Saturday, May 28, 2011


Christina Rossetti
As I neared the end of writing the four-book Mr. Pipes series a few years ago, I decided it was high time I practiced what I was 'preaching' about hymns and hymn writers, and hymn WRITING. Writing that first hymn (The Lord, Great Sovereign, which I had Drew anguish away at writing in the Accidental Voyage), was one of the most challenging things I have ever attempted to write.

Since then I have been developing curriculum for teaching hymn writing to my students and readers--and continuing to write my own hymns. Dr. Paul S. Jones from 10th Presbyterian, Philadelphia, and Ron Bechtel have written several wonderful tunes specifically for a number of my hymn poetry, and several of my students have added some too. is the collection place for those hymns, for the music (audio and sheet music), as well as articles on hymns and worship, pre-release readings from my forthcoming book with Reformation Trust (Ligonier), THE DOXOLOGICAL GENIUS OF ISAAC WATTS, and other hopefully useful resources for pastors and church leaders, musicians and poets. I invite you to peruse the site, become a member by clicking on 'register,' and share it with others who care about worship and singing praises to Christ our King and Redeemer.

Wednesday, May 25, 2011

INKBLOTS Men's Writer Group, May 23, 2011

John brought another French wine from Nimes, where his daughter and son-in-law and grandkids live. I shared from my day Saturday at a writing teachers’ seminar for high school English teachers, where I developed (or began developing) a talk on the foundations of good writing, all this when I had had enough hearing about the abysmal failure government funded education is.
Doug M led off with a new chapter from his post-WWII historical fiction. He does cocky Marine like second nature, or maybe it’s first nature. He referred to a Negro, but paused wondering how to write race names—the way we say them now, or the way they referred to races in the context of the story. Thomas learns that his girlfriend, now his wife, has had a son, his son.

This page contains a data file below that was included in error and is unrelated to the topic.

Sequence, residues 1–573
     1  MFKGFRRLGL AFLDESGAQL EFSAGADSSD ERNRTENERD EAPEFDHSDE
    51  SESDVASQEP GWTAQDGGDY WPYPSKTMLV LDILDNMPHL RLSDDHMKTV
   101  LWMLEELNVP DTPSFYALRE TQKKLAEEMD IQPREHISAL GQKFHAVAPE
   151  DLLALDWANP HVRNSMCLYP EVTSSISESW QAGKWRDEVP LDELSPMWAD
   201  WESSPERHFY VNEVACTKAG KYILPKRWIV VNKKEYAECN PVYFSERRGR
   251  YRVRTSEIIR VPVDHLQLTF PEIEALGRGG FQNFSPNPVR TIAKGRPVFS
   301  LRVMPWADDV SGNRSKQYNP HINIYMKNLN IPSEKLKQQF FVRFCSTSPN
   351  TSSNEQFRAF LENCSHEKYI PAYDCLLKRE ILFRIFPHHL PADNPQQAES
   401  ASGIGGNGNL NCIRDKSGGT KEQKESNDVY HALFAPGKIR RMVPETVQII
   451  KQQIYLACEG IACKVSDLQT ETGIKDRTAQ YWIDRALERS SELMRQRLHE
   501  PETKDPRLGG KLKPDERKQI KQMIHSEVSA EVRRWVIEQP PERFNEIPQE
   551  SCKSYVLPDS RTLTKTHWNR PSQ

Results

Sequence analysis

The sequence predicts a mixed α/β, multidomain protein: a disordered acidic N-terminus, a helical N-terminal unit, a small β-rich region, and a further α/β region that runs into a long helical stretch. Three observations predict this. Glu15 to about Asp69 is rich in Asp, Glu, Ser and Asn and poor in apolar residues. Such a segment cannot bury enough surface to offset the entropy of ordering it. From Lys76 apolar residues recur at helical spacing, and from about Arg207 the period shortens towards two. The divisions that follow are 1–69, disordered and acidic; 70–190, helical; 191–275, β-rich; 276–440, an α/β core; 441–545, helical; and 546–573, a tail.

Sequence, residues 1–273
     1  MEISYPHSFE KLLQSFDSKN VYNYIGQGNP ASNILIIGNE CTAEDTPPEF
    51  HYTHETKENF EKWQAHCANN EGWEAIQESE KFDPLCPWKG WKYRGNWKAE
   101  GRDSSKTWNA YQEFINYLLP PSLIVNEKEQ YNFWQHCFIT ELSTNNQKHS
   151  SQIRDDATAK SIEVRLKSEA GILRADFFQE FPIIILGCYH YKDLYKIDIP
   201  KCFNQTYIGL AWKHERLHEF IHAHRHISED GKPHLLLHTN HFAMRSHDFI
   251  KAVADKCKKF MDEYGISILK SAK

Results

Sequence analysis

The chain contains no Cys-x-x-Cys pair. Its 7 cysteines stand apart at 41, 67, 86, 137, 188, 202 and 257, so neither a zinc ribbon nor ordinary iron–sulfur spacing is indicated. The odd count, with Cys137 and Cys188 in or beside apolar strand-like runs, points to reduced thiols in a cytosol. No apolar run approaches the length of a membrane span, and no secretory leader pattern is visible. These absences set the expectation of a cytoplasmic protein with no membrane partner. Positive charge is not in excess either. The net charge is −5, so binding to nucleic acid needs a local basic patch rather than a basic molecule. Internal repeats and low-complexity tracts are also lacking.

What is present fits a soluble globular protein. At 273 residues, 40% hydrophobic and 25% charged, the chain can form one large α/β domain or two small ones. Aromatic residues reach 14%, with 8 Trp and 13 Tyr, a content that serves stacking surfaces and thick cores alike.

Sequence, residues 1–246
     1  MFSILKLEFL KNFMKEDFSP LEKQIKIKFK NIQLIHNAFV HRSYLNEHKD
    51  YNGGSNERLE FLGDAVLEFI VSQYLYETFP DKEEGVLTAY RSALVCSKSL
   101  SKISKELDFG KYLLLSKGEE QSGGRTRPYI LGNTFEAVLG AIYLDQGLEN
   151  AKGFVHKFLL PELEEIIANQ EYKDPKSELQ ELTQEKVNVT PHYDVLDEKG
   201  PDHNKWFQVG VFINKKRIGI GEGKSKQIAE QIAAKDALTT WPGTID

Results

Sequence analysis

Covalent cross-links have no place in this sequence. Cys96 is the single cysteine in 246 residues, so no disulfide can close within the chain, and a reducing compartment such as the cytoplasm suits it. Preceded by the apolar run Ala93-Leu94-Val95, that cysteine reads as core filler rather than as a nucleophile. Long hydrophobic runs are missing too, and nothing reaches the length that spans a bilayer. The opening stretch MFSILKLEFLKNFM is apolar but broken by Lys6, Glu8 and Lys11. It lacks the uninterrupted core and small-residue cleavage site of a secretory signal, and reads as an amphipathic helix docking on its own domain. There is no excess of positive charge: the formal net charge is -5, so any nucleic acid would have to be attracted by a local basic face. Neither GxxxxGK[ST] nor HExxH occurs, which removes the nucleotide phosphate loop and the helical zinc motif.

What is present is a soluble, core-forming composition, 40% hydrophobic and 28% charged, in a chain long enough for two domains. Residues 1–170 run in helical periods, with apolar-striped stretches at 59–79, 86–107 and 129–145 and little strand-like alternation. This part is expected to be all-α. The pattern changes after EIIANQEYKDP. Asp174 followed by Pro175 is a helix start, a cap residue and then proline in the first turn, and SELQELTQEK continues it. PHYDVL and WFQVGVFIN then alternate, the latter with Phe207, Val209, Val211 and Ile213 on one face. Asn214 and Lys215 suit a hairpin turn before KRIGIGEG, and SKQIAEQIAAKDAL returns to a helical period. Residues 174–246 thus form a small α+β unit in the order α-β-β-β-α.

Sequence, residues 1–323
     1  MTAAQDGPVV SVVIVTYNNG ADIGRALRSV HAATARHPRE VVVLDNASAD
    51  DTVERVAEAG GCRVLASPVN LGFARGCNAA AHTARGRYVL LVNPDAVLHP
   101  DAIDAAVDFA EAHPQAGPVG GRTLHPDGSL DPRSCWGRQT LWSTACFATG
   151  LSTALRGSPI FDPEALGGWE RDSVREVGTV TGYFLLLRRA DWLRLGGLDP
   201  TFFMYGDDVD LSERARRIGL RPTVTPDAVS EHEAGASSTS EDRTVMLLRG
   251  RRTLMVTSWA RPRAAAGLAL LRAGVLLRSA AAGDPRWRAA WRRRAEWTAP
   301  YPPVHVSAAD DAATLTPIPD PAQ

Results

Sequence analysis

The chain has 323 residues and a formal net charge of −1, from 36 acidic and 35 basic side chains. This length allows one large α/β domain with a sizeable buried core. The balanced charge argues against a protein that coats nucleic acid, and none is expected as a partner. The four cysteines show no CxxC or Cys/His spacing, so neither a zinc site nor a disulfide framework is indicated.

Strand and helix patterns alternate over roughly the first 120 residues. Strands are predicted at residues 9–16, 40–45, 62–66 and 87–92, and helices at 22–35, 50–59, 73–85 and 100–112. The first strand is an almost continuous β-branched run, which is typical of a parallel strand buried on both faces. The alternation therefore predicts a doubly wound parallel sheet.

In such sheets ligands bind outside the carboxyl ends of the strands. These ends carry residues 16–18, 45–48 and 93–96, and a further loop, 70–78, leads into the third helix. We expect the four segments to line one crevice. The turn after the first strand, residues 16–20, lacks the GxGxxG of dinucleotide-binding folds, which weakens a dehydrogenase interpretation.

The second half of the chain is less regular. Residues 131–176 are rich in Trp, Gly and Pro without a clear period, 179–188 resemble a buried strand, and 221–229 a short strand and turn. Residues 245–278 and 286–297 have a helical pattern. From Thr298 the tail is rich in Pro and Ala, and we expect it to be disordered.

We discussed again how sin must be portrayed, so that it disgusts the reader, never allures, titillates. We write to honor Christ, write for an Audience of One. How much time do we spend writing? How to use race names for 1949? O’Conner and Twain had their way of going about it, but though it is accurate to the historical context, I certainly would never use prejudicial language.
John S up. Summarizes his contemporary fiction set in Oregon, police officer finds dead baby in the woods. Meanwhile, his 17-year-old daughter finds out she is pregnant, and under pressure to abort from the boyfriend’s mother. Long Ride Home. Emma walks out of the clinic, reads pamphlet on what abortion is and does while she waited for her boyfriend to pick her up. Good job showing how selfish her boyfriend is, and how little he understands what is going on. Maybe Rich should blow off her fears and poo-poo the honest portrayal of abortion. Description needs to be relevant to the protagonist’s circumstances, Emma here longing for normal life, family, home, like the ones passing by the car as they drove; maybe have her see a husband and wife and kids playing together in their yard with the dog—normal life, why can’t I have this, thinks Emma. Rich is confusing me in this dialogue. Why is he being understanding, when he isn’t that sort of guy? Emma should be suspicious. She should be watching his face, his body language, fearful of losing him, hesitant to tell her real fears of having an abortion, and hesitant to tell him what she thought about the gospel she heard from the counselor. Why is he admitting to being a jerk? But then he reverts to his dad’s view of God and religion. When Emma sees Mt Hood and the irises, beauty all around her. Get more out of this description. Prayer discussion. Rich told the story about praying and rain? Is this best for what you are trying to accomplish? John read this at last meeting that I missed. Doug M felt it was improved, fleshed out as he put it.